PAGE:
Posted On: 2020-08-10
Today's post is part 1 in a series about how to add tabs to an in-game UI in Unity. Tabs (like most common UI constructs) are not provided built-in by Unity, and thus developers have to either make their own or find a third-party implementation. Fortunately, tabs are relatively simple both conceptually and in implementation, which makes them excellent candidates for tutorials (like this one.)
Part 1 will primarily focus on high-level concepts behind tabs: what are they, how are they organized, and why you would want them. Later entries will dive into the implementation details, starting with a simple approach and then providing examples of some additional polish and features that can be added on top.
A tab is a control for organizing different segments of mutually-exclusive content, such that each piece of content will appear in the same screen space location. It is a convenient and (nearly) ubiquitous interface design element, used extensively in both software and website design*. It is so ubiquitous, in fact, that the software I am using to write this very post makes use of tabs, to allow me to switch between different posts easily. Not only that, I used tabs to organize the content on my various bi-weekly prototypes - keeping the game itself on one tab, and my various design notes and reflections separate. Even the Wikipedia article about tabs uses tabs.
From a structural standpoint, a tab control is made up of two parts: a tab strip and the tab content area. The tab strip is a series of selectable UI elements ("tabs"), typically laid out either horizontally or vertically*. The tab content area is a section of screen space where the content associated with that particular tab is displayed, when that tab is selected.
In order to explain why to use tabs, it is beneficial to instead explore situations in which tabs would not be appropriate. This is, in large part, because tabs are so versatile that trying to explore even a subset of useful situations would leave the territory grievously under-explored. Thus, instead, focusing on those few places where tabs are not appropriate will both serve to highlight just how many situations they can be reasonably used in, as well as some key features that factor into deciding when to use them.
The primary situation in which to not use tabs is when multiple content entries needs to be accessed simultaneously. Since displaying content from one tab hides any others, the user becomes responsible for remembering any required information on other tabs. In such situations, one either needs to rearrange the tab content to eliminate the need to cross between tabs, or choose a different representational structure that better fits users' needs (such as displaying content in separate windows that do not overlap).
A second situation that does not benefit from tabs is when a user's ability to input their intent is diminished. When designing realtime games this is a fairly common situation, as realtime controls often require many (or all) of the game's inputs be focused on the action. This, in turn, diminishes the user's ability to interact with the UI - including changing tabs.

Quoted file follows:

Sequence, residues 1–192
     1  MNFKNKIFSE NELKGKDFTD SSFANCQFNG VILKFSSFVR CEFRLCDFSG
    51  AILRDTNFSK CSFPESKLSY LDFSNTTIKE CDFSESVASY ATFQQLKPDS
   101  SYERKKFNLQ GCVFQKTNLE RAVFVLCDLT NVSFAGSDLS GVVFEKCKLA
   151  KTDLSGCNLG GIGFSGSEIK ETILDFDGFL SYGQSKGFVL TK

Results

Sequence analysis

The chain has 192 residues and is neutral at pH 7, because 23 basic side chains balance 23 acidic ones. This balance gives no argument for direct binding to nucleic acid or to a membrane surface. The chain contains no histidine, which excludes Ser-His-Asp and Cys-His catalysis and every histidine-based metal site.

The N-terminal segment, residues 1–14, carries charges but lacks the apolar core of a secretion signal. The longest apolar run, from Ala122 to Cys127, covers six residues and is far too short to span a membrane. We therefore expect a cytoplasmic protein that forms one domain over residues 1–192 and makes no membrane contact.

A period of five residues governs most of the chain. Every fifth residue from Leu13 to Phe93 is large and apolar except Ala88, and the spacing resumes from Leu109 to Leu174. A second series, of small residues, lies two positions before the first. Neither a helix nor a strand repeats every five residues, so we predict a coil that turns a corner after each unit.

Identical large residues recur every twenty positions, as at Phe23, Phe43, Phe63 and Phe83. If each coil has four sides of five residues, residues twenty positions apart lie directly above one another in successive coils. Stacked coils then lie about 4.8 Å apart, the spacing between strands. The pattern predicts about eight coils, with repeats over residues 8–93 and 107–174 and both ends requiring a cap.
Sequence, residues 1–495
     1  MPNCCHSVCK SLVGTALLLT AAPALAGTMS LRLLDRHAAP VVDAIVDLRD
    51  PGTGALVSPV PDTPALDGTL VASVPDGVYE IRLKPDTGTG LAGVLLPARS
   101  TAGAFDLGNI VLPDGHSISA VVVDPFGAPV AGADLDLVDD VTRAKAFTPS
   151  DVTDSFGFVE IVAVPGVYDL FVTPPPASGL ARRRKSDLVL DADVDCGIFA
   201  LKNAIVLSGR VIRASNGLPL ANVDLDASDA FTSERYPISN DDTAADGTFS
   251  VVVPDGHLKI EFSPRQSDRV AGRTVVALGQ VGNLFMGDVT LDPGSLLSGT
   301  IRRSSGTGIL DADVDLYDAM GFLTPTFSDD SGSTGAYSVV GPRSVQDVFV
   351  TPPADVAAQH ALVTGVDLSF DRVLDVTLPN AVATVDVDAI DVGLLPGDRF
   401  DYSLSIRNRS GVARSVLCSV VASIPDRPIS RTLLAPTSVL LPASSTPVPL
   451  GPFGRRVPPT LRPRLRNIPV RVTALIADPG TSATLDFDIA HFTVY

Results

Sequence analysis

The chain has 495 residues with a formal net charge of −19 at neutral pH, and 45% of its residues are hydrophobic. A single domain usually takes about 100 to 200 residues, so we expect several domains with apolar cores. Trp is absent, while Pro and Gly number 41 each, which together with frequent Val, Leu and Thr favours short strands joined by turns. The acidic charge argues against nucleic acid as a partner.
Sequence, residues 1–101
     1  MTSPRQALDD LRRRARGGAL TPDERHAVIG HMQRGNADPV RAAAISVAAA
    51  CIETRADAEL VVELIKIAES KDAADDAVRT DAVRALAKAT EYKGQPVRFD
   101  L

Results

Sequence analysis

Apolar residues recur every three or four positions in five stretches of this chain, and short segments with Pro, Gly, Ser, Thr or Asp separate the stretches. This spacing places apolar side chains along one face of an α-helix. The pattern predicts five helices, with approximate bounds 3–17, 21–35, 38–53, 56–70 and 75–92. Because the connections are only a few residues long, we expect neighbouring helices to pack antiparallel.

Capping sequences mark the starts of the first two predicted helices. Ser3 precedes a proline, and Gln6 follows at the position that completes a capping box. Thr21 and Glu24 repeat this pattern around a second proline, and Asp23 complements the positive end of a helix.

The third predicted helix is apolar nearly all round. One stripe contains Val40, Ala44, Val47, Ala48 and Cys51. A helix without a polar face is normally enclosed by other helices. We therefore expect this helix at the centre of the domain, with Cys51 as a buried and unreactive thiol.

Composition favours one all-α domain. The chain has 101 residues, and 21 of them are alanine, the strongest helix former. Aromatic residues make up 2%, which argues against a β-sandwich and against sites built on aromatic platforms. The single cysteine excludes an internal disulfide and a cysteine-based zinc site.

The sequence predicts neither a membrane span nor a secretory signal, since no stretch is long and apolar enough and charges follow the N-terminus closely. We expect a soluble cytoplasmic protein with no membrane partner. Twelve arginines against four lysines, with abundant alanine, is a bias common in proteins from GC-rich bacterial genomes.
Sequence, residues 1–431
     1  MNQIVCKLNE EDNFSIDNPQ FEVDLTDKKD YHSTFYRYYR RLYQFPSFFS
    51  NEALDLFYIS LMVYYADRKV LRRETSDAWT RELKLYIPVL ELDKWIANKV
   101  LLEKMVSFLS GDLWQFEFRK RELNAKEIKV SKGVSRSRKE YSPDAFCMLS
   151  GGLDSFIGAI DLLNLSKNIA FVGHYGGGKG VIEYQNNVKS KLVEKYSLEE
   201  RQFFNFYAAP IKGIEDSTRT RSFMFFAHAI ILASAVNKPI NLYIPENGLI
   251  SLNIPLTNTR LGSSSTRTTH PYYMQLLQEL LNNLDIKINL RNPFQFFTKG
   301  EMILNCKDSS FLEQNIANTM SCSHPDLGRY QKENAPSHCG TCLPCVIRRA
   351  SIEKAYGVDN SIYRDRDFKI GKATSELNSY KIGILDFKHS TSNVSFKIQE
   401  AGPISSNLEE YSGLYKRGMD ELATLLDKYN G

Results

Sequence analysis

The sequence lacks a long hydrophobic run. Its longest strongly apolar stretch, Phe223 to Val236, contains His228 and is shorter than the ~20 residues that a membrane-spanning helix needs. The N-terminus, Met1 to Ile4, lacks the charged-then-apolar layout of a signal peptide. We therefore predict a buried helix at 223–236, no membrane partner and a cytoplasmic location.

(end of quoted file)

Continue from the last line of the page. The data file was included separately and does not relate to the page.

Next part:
As a hypothetical example, imagine a combat game with multiple weapons, each using its own ammo supply. In a turn-based game, putting each weapon's information (including current ammo) on a separate tab could work out fine. In an action game, however, doing so would be to the player's detriment, as changing tabs would mean that the player must stop aiming* any time they wish to check the available ammo for their weapons.
The third (and final) situation in which tabs are not a good choice is when there is a significant difference in the amount of content associated with each tab. Since all tabs (generally) display their content in the same space in the UI, substantially different content can have significantly different user experiences. These differences can become distracting/unpleasant for users if they are too extreme.
Consider, for example, two tabs, one that contains a paragraph and one that contains a single word. The difference in content length will likely be distracting for users - either the single word will look awkward surrounded by blank, unused space, or the paragraph will be squished down to the point where it is difficult to read*. When content is predefined, this can often be resolved simply by rearranging the content to better accommodate known lengths. When dealing with dynamic or user-generated content, however, one's ability to adjust to this is often limited.
From looking at those three places where tabs don't make sense, one can extrapolate a set of simple criteria for where they do. Firstly, the tab content needs to be mutually exclusive: users should be able to accomplish their goal on a single tab without needing to change to a different one. Secondly, users should be free to interact with the tabs, without jeopardizing their goals. Thirdly, the tabs' contents should have some aesthetic similarities, including margins and spacing. If the content area of tabs changes too radically, it may distract users from achieving their goals.
Hopefully all this talk about tabs has whetted your appetite for coding one in Unity - because, in part 2, that's exactly what will happen. I hope to see you then!